We have wild grapevines growing all over our property. A fruit-bearing one grows high in the oak tree by the hammock. One’s trying to climb the sycamore, but I keep discouraging it by cutting it back. Just the other day we found behind the azaleas another one loaded with fruit. Our domestic vines out front that Larry’s dad planted long ago are full this year, too, but the grapes are not quite ripe. I hope to make jelly with some of them in late summer. When I was a child, it seemed that everyone had huge grapevines. Our next door neighbor, Aunt Jincey, my father’s aunt, had a huge vine and welcomed us to pick whenever we wanted to. During the dog days of summer, I especially anticipated visits to Grandma Nichols’ house and grapevine, too. Her grapes were especially succulent and we always came away with big bags full.
Grapevines can be vicious though and are strong. Invariably ours snatches off my sunglasses or my hat when I drive the mower underneath it to cut the grass. The vine needs a good trim job, which we intend to take care of this winter. I had my first serious encounter with grapevines when I was the ripe old age of five. Weekends, we visited grandparents, and only dire illness prevented those weekly trips. First, we went to the Snipesville area of Jeff Davis County for lunch at Grandma’s Hayes big wooden table. Like Grandma’s biscuits, the table was also homemade. Grandpa built it by cutting the trees, sawing them into lumber, and nailing the boards together. I’m sure he never made a biscuit though. Men and women’s roles were most specific back then. Men did not cook in the kitchen.
I loved my grandpa and looked forward to seeing him for the most part, but he thought the way to entertain every grandchild was tickling. I hated being tickled. I detested it from birth and still do, for that matter. I guess that’s why I will quickly intervene if a child is being tickled in my presence because I remember so well how I hated it. One Sunday afternoon in late August, Grandpa invited me to go for a ramble in the woods with him to pick bullises. I’m not sure about the spelling, but I did research the term. Muscadines were called Bullace at one time because they resemble a European plum of that name, and Grandpa’s term bullis was probably a corruption of Bullace.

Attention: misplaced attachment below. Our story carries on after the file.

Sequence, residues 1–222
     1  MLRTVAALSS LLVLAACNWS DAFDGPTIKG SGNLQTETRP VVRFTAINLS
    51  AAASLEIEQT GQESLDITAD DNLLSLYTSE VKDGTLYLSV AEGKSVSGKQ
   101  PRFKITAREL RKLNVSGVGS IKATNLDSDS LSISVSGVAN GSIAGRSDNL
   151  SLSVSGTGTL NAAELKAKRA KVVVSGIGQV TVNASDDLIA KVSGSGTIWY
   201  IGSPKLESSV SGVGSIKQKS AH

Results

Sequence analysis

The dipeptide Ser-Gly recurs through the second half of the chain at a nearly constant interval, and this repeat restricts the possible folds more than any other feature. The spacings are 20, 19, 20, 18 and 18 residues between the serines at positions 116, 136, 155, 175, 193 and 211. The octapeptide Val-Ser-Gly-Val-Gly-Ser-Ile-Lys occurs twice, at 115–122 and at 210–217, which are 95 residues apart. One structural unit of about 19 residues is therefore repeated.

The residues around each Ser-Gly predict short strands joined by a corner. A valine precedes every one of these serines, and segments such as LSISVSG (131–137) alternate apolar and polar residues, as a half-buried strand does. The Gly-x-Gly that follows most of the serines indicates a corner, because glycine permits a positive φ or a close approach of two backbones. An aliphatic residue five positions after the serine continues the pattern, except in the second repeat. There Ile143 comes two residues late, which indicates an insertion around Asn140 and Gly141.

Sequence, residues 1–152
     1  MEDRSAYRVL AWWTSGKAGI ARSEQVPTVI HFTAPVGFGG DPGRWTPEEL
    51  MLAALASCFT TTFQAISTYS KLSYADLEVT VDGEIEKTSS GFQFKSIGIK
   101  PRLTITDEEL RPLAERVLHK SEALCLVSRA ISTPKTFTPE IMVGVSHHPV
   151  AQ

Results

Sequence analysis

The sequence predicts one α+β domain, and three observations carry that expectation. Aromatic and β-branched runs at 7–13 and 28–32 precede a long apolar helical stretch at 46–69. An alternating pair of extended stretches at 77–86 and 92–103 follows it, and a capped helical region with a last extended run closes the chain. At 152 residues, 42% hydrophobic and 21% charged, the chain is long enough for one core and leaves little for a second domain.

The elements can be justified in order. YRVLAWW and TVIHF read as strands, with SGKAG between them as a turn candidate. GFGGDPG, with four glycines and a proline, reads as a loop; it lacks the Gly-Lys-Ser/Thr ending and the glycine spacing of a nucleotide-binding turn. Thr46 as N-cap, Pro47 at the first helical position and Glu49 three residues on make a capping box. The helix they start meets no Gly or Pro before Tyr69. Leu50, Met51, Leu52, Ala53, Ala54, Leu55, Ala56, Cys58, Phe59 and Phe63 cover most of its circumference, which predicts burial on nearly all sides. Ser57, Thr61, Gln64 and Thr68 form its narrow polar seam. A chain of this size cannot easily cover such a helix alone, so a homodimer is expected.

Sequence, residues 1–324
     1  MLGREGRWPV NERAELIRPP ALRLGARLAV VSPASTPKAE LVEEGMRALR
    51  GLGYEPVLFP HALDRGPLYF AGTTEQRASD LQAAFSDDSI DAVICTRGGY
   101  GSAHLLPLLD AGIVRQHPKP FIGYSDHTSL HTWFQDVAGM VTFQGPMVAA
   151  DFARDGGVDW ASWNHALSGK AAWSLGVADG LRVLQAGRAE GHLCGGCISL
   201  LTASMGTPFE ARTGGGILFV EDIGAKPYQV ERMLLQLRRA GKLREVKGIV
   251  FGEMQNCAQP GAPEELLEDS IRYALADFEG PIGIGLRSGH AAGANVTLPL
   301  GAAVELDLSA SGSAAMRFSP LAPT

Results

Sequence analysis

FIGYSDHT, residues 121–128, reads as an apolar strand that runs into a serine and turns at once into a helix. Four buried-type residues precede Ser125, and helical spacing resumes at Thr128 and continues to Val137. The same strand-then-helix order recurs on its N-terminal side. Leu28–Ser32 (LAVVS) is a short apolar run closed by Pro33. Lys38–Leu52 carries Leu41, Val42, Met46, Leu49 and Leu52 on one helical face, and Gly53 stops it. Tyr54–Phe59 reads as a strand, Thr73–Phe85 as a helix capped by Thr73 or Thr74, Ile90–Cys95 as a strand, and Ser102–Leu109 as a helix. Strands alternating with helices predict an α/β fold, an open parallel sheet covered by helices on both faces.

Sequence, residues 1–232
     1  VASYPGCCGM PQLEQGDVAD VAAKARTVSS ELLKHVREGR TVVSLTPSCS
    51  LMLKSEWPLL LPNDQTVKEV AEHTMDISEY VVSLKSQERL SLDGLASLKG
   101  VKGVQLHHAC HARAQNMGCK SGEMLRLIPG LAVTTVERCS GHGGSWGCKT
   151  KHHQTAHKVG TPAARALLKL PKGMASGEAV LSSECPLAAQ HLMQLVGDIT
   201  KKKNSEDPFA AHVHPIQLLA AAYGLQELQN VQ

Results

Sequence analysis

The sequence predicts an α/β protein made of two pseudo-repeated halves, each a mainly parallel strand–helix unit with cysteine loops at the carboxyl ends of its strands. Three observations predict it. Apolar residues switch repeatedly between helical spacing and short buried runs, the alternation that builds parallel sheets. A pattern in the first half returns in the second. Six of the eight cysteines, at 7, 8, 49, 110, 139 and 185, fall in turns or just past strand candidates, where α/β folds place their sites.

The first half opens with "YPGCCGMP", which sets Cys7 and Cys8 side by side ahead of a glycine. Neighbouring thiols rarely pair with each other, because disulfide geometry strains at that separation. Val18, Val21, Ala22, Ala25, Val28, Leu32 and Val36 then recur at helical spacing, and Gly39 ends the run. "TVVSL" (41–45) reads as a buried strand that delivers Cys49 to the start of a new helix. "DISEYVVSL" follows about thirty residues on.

Nonetheless, Grandpa and I went for a long ramble in the woods with a plastic lard bucket in hand for collecting our grapes. I wore my usual dress and Sunday shoes. No daughter of my mother was about to wear pants, be it summer of winter. We rambled for about an hour, picking and eating and talking until my bucket was full.
“We’d better get on back, Mary Ann,” Grandpa said finally. “It’s getting late.”
Back on his front porch that ran the length of the house, we first found the water bucket and dipper. Then we showed off our grapes.
As we finished our visiting rounds for that Sunday, my legs started to itch and like a normal five-year-old, I scratched. By morning I had a raging fever. I’d contracted impetigo from all the scratches on my bare legs and suffered dearly for those grapes. This disease is commonly known as “infantigo” because it most often occurs in infants and young children, and is highly contagious in those age groups. However, the disease is far less prevalent today than it was during my childhood. Our little outing required a trip to the doctor, a rare event back then, to clear up my legs. The memory is precious to me though and worth the pain I suffered.
Many people consider wild grapevines a nuisance and work hard to eliminate them. They do however serve useful purposes. They provide food for a range of wild animals as well as nesting supplies because birds use the vines to make their nests. The tangled vines also provide protection for smaller animals. Grapes vines grow in abundance all over the south if you are interested in roaming and picking. I do recommend that you wear long pants.